If you’re reading this, you know by now that the Mariners’ first basemen all sucked last year. I don’t need to put a fancy statistic here to show you just how much they sucked, you get the idea. With Logan Morrison gone, presumptive incumbent Jesus Montero now looks buried under several first base options for the Mariners, and that’s a good thing. Mariners General Manager Jerry Dipoto brought in what could be his most impactful acquisition of the winter in Adam Lind, added Steve Clevenger, and signed washouts Travis Ishikawa (his deal is not yet finalized and could be voided) and Gaby Sanchez to minor league deals in the hopes that one of them can contribute to the likely platoon at first base. There are reports also that Stefen Romero could see time at first base this spring. Yesterday, Dipoto officially added another name to that list of possible first base platoon mates in Dae-Ho Lee.
Lee is a Korean-born veteran of the Korean and Japanese leagues. The “Big Boy” is indeed big. He’s listed at 6’4” 284 pounds. If he doesn’t work out for the M’s, maybe Tom Cable can convert him into an offensive lineman for the Seahawks. (There are whispers somewhere on the Internet that he’s working at slimming down and may have already lost weight, but I can’t find credible sources on that.) Projecting production from Korean and Japanese league numbers to the Major Leagues is never exact, but the “Big Boy” is certainly an accomplished professional hitter. Last season, for the Fukuoka Softbank Hawks of the Japan Pacific League, he slashed .282/.368/.524 and blasted 31 home runs. In 2010, he hit 44 home runs and drove in 133 RBIs for the Lotte Giants of the Korean Baseball League. Even if you adjust for foreign league inflation, Lee can put up useful numbers as a part of the Mariners first base platoon in 2016.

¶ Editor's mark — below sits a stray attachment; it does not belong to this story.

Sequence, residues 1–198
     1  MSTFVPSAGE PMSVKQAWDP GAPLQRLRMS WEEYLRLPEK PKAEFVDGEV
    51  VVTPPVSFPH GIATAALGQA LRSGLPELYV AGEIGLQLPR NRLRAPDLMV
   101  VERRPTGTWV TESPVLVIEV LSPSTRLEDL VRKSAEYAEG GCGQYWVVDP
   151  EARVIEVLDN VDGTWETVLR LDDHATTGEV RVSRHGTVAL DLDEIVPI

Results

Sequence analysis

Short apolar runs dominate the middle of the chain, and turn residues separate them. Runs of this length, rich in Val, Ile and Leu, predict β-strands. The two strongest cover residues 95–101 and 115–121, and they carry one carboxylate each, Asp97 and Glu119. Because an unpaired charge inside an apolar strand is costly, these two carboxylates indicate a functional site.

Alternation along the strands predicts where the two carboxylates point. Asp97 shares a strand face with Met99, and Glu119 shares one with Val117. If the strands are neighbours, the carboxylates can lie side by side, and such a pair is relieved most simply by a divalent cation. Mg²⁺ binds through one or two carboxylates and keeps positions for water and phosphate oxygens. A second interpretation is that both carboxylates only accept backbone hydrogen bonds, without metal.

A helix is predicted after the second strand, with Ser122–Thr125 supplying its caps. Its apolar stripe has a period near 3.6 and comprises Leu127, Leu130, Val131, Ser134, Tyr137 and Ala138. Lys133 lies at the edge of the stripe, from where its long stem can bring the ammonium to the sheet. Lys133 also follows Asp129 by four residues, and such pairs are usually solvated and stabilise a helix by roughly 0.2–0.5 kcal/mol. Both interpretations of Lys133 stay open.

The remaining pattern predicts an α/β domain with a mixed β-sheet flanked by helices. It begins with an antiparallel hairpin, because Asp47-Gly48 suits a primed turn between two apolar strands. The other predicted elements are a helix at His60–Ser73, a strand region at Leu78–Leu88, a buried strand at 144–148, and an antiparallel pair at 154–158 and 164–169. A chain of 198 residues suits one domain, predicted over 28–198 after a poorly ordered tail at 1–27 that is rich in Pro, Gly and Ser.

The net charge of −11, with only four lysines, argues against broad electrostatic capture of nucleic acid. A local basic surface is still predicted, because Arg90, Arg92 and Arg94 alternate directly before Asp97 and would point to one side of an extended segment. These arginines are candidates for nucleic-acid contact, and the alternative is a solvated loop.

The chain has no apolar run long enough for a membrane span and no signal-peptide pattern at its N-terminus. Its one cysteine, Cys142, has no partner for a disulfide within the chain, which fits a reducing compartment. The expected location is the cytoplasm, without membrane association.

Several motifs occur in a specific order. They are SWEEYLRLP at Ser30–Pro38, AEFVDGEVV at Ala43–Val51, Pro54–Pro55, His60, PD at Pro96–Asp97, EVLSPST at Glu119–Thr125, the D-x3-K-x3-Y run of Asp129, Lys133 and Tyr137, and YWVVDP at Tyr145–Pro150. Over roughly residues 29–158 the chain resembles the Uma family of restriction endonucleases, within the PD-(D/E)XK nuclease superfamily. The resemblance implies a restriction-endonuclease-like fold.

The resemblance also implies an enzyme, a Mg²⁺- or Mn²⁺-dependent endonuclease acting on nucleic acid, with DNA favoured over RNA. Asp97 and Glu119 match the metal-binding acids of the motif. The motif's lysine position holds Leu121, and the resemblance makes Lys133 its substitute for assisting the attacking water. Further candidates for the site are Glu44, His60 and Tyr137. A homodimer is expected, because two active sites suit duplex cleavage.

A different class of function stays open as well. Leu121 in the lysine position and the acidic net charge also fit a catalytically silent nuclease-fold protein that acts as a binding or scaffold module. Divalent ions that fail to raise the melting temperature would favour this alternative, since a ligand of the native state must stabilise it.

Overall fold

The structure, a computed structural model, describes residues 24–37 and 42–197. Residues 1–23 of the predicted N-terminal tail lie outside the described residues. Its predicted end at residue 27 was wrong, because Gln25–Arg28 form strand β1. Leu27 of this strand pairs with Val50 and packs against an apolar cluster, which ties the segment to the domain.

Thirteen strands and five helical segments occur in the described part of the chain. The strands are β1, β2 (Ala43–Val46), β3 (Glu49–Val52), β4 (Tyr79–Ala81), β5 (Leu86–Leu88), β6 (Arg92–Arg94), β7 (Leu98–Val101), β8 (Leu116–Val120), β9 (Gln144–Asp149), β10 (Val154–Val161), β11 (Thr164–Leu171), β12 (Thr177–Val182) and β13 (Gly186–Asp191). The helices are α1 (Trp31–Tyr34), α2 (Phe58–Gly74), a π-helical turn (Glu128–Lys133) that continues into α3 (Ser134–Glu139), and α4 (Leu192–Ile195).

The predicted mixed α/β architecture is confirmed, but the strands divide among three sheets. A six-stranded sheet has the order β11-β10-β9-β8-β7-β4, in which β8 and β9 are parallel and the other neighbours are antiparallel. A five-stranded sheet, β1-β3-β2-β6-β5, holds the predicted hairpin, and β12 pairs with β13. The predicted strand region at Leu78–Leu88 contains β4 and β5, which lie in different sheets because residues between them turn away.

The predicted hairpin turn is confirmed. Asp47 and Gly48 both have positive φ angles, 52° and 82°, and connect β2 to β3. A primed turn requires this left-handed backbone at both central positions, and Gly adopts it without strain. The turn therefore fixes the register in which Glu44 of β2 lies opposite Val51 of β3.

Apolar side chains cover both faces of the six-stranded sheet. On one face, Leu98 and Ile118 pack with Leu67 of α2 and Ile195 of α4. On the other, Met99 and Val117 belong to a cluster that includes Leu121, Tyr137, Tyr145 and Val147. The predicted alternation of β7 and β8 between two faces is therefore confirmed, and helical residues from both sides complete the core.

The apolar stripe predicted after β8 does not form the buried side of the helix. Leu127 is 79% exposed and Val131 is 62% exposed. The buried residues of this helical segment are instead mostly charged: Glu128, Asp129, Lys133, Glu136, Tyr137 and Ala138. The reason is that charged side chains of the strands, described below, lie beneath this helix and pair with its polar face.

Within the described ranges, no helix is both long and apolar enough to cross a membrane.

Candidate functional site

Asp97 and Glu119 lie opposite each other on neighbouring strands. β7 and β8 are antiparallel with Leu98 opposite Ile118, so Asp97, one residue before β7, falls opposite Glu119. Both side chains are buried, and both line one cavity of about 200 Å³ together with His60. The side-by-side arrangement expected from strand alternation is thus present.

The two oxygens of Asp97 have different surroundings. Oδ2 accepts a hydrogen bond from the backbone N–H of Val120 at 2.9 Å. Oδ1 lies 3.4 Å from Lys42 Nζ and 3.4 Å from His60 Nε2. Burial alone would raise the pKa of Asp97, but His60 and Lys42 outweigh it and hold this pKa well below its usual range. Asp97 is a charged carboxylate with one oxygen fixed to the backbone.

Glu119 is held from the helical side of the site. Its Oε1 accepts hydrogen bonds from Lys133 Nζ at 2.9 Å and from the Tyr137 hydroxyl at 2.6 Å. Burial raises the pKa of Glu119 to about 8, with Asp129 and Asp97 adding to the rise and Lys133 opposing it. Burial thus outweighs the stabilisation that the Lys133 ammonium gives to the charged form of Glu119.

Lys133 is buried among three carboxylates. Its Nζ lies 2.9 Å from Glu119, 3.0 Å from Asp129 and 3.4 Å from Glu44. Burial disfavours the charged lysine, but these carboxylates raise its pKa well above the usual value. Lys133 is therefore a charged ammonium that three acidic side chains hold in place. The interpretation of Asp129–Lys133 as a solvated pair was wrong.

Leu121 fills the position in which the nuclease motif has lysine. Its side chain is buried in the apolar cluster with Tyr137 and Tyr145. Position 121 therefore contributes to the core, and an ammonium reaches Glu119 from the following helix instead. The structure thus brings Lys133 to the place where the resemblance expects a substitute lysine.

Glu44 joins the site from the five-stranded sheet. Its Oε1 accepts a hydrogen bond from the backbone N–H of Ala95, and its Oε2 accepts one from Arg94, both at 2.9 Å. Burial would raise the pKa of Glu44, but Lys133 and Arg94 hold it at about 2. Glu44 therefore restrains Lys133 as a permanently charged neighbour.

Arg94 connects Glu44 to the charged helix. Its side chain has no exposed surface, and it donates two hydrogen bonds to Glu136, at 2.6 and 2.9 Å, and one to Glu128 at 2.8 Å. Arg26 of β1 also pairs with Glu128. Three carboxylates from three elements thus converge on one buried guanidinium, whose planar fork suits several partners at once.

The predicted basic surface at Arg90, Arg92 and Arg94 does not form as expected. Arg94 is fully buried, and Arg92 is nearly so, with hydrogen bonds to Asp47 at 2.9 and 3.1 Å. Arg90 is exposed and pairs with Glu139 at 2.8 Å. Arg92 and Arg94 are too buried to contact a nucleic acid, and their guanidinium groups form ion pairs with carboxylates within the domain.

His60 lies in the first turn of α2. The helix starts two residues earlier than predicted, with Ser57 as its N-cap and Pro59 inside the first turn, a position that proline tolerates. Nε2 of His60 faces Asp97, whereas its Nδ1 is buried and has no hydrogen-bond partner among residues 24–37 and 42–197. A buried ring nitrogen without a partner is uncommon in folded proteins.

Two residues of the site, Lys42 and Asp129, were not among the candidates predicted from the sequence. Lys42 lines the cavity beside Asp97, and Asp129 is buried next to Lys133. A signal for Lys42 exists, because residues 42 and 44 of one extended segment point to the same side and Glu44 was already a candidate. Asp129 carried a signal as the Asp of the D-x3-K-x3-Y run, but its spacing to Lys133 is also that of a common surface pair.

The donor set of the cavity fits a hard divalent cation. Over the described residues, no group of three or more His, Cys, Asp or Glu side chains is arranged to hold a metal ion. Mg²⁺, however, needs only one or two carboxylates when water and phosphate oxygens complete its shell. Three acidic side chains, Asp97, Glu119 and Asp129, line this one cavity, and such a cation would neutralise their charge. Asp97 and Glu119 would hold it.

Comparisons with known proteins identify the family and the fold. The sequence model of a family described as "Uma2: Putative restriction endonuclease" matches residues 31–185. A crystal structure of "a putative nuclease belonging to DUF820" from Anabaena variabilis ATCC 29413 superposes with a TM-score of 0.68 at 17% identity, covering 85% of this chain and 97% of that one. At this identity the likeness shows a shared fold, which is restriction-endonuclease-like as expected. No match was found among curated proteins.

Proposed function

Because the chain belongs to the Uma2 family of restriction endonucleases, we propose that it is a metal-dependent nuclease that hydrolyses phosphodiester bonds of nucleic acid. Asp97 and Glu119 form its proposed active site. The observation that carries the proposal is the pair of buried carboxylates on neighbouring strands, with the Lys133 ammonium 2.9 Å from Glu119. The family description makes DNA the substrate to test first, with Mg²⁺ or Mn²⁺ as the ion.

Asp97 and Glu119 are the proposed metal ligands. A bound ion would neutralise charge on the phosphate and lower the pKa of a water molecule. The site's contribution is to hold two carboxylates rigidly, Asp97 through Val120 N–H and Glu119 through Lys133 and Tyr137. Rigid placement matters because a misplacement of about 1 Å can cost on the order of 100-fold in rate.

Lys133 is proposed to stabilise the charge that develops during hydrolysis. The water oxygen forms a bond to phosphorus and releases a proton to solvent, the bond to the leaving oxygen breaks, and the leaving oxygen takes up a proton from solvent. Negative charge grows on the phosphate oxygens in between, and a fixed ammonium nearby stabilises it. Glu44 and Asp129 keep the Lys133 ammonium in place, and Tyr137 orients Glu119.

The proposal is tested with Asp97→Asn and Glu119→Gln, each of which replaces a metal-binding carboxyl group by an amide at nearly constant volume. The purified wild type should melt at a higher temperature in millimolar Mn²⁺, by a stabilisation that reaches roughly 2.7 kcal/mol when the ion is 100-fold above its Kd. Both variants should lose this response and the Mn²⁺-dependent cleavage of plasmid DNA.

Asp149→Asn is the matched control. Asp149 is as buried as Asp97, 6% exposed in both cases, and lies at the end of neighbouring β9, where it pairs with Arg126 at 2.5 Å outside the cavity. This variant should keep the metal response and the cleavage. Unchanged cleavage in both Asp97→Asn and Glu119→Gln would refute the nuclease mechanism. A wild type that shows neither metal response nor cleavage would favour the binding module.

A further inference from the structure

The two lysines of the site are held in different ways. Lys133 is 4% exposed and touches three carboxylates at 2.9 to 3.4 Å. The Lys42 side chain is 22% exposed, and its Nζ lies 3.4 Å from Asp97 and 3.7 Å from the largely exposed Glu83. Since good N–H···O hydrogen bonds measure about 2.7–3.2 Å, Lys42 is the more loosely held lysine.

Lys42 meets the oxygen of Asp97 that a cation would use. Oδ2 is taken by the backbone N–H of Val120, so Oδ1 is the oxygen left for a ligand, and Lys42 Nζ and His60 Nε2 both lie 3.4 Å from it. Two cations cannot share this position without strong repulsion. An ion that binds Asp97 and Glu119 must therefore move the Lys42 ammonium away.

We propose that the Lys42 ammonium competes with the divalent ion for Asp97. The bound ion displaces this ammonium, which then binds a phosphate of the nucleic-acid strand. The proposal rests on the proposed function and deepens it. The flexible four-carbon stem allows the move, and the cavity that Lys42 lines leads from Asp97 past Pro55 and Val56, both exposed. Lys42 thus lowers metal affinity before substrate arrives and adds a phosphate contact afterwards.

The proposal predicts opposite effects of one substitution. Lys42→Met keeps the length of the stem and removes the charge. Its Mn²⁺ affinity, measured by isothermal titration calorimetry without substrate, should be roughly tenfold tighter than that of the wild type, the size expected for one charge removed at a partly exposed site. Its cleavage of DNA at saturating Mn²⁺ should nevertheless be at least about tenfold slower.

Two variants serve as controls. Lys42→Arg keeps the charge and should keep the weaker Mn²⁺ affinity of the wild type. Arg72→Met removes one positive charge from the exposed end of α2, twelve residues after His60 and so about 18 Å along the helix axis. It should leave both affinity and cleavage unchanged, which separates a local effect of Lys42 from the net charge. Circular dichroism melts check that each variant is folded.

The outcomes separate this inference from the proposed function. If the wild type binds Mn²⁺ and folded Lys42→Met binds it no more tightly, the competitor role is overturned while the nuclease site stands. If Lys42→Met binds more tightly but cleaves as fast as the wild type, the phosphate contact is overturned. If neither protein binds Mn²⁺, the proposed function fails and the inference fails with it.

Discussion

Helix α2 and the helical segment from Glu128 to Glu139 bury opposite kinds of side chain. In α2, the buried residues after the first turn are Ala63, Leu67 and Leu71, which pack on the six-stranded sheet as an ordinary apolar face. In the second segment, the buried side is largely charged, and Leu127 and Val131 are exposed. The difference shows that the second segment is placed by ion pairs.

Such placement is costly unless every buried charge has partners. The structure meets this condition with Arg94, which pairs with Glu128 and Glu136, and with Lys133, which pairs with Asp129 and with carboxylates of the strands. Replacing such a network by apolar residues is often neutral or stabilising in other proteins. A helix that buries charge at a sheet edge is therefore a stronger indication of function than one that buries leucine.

The dude is a masher. He led his Softbank Hawks to a championship last year and became the first Korean player ever to win Japan Series MVP honors. However, he’s heading into his age-34 season and he’s completely unproven at the Major League level. If Scott Servais can manage his health while keeping him fresh off the bench, he’ll have a positive impact for the Mariners. Dipoto signed him to a team-friendly deal full of incentives and no guarantee of a spot on the major league roster. Let’s face it, if he can’t launch home runs in the warm dry air of Peoria this spring, he doesn’t belong on the team. If he can, and I think he will, he’ll be a welcome addition to the Mariners bench. Gone are the days of Jack Zduriencik picking up one-dimensional players. It would appear that Lee could be a throwback to those days, but Lee’s career on-base percentage in his 15 seasons in the Japanese and Korean leagues is .387. He set a career high in strikeouts last season with 109. Dipoto is making a buy-low play for a patient, powerful slugger whose ceiling could be much higher than we think. As the king of the buy-low play, Dipoto may have added a piece that will put the M’s into contention with overwhelming depth at one of their least productive positions last year.